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Amber and Rachael filed their lawsuit against Idaho in Nov. 2013. They were married Oct. 15, 2014.In November 2013, eight women -- four couples -- sued the state of Idaho over its 2006 voter-approved constitutional amendment that defines marriage as between one man and one woman.The plaintiffs, Susan Latta and Traci Ehlers, Lori Watsen and Sharene Watsen, Shelia Robertson and Andrea Altmayer, and Amber Beierle and Rachael Robertson, say Idaho's ban on same-sex marriage violates equal protection and due process guarantees.Two of the couples have been legally married in other states and two have tried to get Idaho marriage licenses and been denied.Their case went to U.S. Magistrate Judge Candy Dale in May 2014. On May 13, eight days after Dale heard the case, she struck down Idaho's same-sex marriage ban.Idaho Gov. C.L. "Butch" Otter and Attorney General Lawrence Wasden appealed that ruling in an effort to uphold Idaho's Constitution as approved by voters in 2006.On Oct. 7, 2014, the 9th U.S. Circuit Court of Appeals upheld Dale's ruling, striking down Idaho's ban on same-sex marriage. After more than a week of legal challenges, same-sex marriages began Oct. 15, 2014 in Idaho.

Taxes Just Got Less Complicated For Gay Couples Married In Idaho

Samantha Wright
/
Boise State Public Radio
The Idaho Tax Commission says gay couples filing taxes this season will have to fill out fewer forms.

If you’re in a same-sex marriage and you live in Idaho, filing state taxes just got a little simpler.

When the 9th U.S. Circuit Court of Appeals legalized gay marriage last year in Idaho, that law change also meant changes at the Idaho Tax Commission and for same-sex couples filing joint tax returns. Now, married same-sex couples will only have to fill out one federal form when they file their taxes, instead of the three that had to be filed under the old rules.

In 2013, we told you about the complications that arose when the federal government started accepting tax forms from gay couples. Back then, Idaho did not recognize gay marriage. So, the state couldn’t process federal forms if a same-sex couple was legally married elsewhere. This led to a number of confusing rules when it came to filling out tax forms.

“If they filed married jointly for federal purposes, they had to file separately as single, for Idaho purposes,” Idaho Tax Commission's Doreen Warren explains.

That meant one couple and three federal forms.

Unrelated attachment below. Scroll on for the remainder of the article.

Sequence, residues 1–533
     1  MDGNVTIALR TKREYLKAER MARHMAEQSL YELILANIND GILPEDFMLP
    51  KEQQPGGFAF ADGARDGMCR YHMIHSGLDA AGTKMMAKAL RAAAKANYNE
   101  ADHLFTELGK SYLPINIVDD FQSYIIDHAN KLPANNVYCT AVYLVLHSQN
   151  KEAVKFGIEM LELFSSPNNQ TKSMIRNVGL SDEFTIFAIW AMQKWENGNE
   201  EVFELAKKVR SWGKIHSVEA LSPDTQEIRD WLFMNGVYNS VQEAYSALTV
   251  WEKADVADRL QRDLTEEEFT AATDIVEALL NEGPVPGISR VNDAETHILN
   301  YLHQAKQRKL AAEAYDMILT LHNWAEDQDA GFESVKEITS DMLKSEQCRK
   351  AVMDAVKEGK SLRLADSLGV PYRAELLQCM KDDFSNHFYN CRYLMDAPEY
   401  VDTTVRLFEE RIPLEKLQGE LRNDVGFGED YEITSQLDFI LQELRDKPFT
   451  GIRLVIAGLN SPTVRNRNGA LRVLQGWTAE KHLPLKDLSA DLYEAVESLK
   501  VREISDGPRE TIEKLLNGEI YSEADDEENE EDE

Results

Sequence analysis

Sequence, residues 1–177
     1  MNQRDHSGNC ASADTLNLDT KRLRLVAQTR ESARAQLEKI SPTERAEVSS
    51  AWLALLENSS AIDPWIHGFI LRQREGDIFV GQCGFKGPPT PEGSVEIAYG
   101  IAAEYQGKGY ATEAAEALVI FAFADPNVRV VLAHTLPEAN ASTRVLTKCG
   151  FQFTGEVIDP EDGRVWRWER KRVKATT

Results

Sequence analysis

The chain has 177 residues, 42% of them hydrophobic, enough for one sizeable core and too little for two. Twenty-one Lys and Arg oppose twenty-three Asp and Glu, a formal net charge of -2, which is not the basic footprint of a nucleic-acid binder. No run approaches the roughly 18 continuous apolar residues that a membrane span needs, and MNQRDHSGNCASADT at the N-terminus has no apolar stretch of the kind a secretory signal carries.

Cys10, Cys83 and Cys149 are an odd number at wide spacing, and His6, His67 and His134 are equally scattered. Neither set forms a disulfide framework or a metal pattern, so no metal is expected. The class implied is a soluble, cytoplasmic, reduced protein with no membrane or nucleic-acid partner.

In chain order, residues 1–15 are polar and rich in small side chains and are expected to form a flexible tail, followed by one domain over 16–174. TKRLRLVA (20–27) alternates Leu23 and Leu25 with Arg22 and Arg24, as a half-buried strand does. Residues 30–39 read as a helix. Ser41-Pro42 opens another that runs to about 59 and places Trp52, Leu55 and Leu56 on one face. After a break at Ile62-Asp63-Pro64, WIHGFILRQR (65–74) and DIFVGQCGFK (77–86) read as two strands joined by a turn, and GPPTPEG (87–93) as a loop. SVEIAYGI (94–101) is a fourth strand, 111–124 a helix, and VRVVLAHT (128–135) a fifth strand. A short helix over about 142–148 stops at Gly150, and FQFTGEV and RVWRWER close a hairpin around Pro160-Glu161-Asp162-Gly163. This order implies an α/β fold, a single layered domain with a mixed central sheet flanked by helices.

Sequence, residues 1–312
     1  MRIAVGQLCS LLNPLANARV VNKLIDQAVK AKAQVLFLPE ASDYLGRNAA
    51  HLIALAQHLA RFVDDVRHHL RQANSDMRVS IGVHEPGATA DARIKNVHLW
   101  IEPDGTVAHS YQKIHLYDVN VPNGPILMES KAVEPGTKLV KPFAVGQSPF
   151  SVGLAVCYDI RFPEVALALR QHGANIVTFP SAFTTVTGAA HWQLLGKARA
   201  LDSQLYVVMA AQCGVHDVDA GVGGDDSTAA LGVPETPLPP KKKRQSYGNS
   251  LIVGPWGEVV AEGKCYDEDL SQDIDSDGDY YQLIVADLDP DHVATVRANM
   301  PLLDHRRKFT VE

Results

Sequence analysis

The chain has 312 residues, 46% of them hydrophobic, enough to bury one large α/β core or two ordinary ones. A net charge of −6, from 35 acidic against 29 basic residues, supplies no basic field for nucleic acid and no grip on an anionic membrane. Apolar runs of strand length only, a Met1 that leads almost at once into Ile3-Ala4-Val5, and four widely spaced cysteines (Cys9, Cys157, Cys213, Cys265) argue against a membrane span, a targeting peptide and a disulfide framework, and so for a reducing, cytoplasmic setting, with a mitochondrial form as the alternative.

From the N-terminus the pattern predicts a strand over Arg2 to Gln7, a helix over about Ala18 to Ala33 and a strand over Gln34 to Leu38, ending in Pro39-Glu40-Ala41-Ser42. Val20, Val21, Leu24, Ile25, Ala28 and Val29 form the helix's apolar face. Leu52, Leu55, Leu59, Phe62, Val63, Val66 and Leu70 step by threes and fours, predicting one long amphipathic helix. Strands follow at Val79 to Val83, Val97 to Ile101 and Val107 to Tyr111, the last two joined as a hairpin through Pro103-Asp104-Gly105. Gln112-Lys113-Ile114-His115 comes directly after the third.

That could have made a difference in how much gay couples have to pay in taxes, depending on how they had to split up their assets. “It is very dependent on each individual circumstances, it’s very unique and it’s case by case," Warren says.

Warren admits it was confusing, but it was the only way to reconcile federal rules that recognized same sex marriages, and Idaho’s constitution which didn’t.

But when Idaho started recognizing gay marriage inOctober 2014, “that requirement is no longer in place,” says Warren, “So for tax year 2014, if they are in a same-sex relationship and legally married, they are entitled to [file] jointly, in Idaho.”

That’s if the marriage occurred in Idaho on or after October 15, 2014, or they were married before that in another state that recognized same-sex unions.

“This is much easier,” says Warren, “They just file it exactly the way they would file it for the federal return.”

Warren says married gay couples also have the option to amend their taxes for three previous years. “If their marriage was recognized for federal purposes in years past, they could also go back and amend their Idaho return to reflect that same marital status,” Warren adds. That could save some couples money, depending on their circumstances.

Warren says the state doesn't know how many same-sex couples will be impacted by the tax rule change. Idaho doesn’t ask taxpayers if their marriage is homosexual or heterosexual.

Even though gay marriage is now legal in Idaho, the state's old tax rules are still on the books. Idaho Tax Commission Tax Policy Manager Michael Chakarun says the old rules are suspended until the U.S. Supreme Court weighs in on gay marriage.

If a court ruling allows Idaho to reinstate its ban on gay marriage, the rules would go back into effect. If a ruling went the other way, Chakarun says the rules would get taken off the books. “We’re just waiting until the Supreme Court rules one way or the other.”

Find Samantha Wright on Twitter @samwrightradio

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As Senior Producer of our live daily talk show Idaho Matters, I’m able to indulge my love of storytelling and share all kinds of information (I was probably a Town Crier in a past life!). My career has allowed me to learn something new everyday and to share that knowledge with all my friends on the radio.

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